{Though todayโ€™s post is about a specific piece, each month I write a letter to you where I share all my latest creations and discoveries. Click here to subscribe - or scroll down and to the right - I love connecting with you}


One of my favorite ways to use the remaining fiber from previous projects is in a method I call โ€œgradient.โ€ While technically not a true gradient, the projects that employ this method involve one color transitioning to - and interweaving with - neighboring fibers and colors.


You can see this method in the Favorite Things and Firecracker pillow covers, and the Hot Mess pillow cover currently at BedStraw Studio.

The remnants I use are any combination of cotton, linen, alpaca, silk, and wool that are either conventionally or botanically hand-dyed or are natural undyed shades of white, cream, brown, or grey. The finished piece is truly unique and one-of-a-kind because itโ€™s entirely dependent on what and how much fiber I have on hand - I literally can never make the same item again.

This wall hanging, called Prism, is also fashioned using my โ€œgradientโ€ method. The crochet stitch I use can be thick, which means the bigger the piece, the heavier it becomes. Hanging a piece like this in a flattering way is a challenge.


I knew I wanted to hang the piece from a perfect piece of smooth silver driftwood I found a few years ago in Boulder Creek, Colorado. At first I tried crocheting a chain of yarn that could be looped through the piece and around the driftwood multiple times. This did not cut it - a picture of this method is not even worth sharing!

When I finally realized I needed more overall stability, I turned to the process I use for all my gradient method pieces (and also for all pillow covers) - hand-sewing the crochet top to a linen cover.

I used several pieces of white and/or cream linen from my stash to create a large linen back to this piece and hemmed its edges.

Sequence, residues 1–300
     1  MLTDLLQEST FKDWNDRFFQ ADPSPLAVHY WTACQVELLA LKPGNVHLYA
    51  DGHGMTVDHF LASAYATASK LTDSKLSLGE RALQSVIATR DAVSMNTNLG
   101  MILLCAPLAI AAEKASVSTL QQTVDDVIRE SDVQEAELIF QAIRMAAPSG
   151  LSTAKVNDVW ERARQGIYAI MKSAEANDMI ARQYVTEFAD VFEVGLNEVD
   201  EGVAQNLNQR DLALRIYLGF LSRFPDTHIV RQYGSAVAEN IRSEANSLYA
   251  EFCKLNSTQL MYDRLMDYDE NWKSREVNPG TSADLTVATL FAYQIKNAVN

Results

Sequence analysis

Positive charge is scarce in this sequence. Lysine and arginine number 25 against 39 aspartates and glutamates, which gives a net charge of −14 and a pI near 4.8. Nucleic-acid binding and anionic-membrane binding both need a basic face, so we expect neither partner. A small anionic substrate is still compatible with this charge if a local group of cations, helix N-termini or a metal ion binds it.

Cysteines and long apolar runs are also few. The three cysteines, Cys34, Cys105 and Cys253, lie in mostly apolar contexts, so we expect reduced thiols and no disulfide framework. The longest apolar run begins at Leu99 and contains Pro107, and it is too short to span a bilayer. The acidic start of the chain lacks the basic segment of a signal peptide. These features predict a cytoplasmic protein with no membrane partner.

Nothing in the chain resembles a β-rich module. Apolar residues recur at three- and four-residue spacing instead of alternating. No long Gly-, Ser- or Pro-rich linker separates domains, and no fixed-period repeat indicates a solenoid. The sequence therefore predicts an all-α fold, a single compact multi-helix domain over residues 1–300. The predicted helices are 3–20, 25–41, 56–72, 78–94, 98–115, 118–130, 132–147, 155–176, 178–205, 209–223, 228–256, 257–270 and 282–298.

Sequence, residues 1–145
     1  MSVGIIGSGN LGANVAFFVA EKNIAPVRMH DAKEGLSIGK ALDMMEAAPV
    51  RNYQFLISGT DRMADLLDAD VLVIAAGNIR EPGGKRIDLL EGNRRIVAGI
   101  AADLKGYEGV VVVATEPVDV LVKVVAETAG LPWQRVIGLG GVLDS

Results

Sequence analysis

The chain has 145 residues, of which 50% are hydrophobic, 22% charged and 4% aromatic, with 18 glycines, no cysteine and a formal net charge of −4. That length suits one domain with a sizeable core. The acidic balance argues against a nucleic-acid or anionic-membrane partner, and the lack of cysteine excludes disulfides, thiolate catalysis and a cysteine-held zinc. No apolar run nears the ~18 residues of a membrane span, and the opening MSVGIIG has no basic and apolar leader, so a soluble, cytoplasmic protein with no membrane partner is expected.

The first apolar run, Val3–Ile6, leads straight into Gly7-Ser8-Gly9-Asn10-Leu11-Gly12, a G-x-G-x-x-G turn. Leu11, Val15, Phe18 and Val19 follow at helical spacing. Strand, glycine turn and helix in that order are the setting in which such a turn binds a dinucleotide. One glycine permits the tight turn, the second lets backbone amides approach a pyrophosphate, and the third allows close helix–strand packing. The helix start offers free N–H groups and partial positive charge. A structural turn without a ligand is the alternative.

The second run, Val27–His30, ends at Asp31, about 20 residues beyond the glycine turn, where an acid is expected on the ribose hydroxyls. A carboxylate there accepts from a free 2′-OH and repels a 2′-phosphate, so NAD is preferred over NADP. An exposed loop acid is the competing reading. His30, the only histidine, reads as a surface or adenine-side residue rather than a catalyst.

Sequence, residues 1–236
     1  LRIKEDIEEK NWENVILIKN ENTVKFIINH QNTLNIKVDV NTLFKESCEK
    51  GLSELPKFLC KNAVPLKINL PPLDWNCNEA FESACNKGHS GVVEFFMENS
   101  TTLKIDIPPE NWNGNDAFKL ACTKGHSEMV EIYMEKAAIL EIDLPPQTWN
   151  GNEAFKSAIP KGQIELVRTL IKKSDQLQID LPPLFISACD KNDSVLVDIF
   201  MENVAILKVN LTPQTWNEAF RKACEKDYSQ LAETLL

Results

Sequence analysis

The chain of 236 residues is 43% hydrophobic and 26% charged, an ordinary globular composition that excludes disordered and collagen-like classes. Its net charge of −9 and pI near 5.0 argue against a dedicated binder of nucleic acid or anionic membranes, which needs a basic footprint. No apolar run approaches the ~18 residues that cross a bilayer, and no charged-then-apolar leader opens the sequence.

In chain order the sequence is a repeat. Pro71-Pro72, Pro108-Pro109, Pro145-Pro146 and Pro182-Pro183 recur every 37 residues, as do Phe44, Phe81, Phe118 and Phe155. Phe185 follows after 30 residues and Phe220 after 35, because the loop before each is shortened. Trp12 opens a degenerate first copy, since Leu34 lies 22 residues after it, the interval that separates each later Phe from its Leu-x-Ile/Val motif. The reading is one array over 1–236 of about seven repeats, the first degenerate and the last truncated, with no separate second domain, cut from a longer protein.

Then I created wide linen loops. They required a bit of sewing by hand to get the lengths and shape just right.


I adjusted the length of the loops to accommodate the undulating shape of the driftwood. This means that the driftwood lays a specific way through these loops so when mounted on the wall, the piece hangs straight.


When I got the loops to the lengths I wanted, I then sewed the loops to the inside of the linen back so that they would be sandwiched neatly between the linen back and the crochet top.


I then sewed by hand the crochet top to the linen back using โ€œinvisibleโ€ stitches.


I love the clean and finished look of the chunky linen loops! And I love the weight and the stability this piece now has.


I believe life reflects art and art reflects life. It is not lost on me that while I was working on the linen structure of this piece, our yarn community was / is having intense conversations about marginalized people like BIPOC and LGBTQI+.


Ravelryโ€™s recent statement helps communicate how hate speech and actions have no place in a just and peaceful society that values equality and safety of all persons.

KnotKnot Yarnables and I, Trista, emphatically support marginalized individuals in our communities. I am in solidarity with the most marginalized, and am committed to learning how to best support those adversely impacted by ongoing justice and equality issues.

This Prism piece - and more photos - can be found in the shop at this link. May we do the work to create more just and peaceful communities and societies, locally and globally. May we do the work to ensure every person feels valued and loved.